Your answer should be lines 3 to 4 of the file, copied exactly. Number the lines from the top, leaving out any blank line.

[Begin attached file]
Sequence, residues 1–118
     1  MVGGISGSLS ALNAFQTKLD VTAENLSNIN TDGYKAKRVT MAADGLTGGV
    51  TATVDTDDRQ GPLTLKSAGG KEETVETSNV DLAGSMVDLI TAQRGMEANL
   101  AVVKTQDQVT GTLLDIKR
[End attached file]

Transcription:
    51  TATVDTDDRQ GPLTLKSAGG KEETVETSNV DLAGSMVDLI TAQRGMEANL
   101  AVVKTQDQVT GTLLDIKR